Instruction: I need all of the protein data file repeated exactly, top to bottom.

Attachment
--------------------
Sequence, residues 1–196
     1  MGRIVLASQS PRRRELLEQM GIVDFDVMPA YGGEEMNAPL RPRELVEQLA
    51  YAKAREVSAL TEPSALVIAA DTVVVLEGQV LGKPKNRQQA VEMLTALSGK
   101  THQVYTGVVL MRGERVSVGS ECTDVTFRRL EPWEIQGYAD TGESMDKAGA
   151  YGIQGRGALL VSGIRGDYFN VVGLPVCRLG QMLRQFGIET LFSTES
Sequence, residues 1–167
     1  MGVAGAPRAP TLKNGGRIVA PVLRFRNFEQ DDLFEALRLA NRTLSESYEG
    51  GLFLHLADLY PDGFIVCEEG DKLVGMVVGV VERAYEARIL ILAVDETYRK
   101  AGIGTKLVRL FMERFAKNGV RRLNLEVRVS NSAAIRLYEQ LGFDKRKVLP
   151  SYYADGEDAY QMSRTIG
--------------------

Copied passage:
Sequence, residues 1–196
     1  MGRIVLASQS PRRRELLEQM GIVDFDVMPA YGGEEMNAPL RPRELVEQLA
    51  YAKAREVSAL TEPSALVIAA DTVVVLEGQV LGKPKNRQQA VEMLTALSGK
   101  THQVYTGVVL MRGERVSVGS ECTDVTFRRL EPWEIQGYAD TGESMDKAGA
   151  YGIQGRGALL VSGIRGDYFN VVGLPVCRLG QMLRQFGIET LFSTES
Sequence, residues 1–167
     1  MGVAGAPRAP TLKNGGRIVA PVLRFRNFEQ DDLFEALRLA NRTLSESYEG
    51  GLFLHLADLY PDGFIVCEEG DKLVGMVVGV VERAYEARIL ILAVDETYRK
   101  AGIGTKLVRL FMERFAKNGV RRLNLEVRVS NSAAIRLYEQ LGFDKRKVLP
   151  SYYADGEDAY QMSRTIG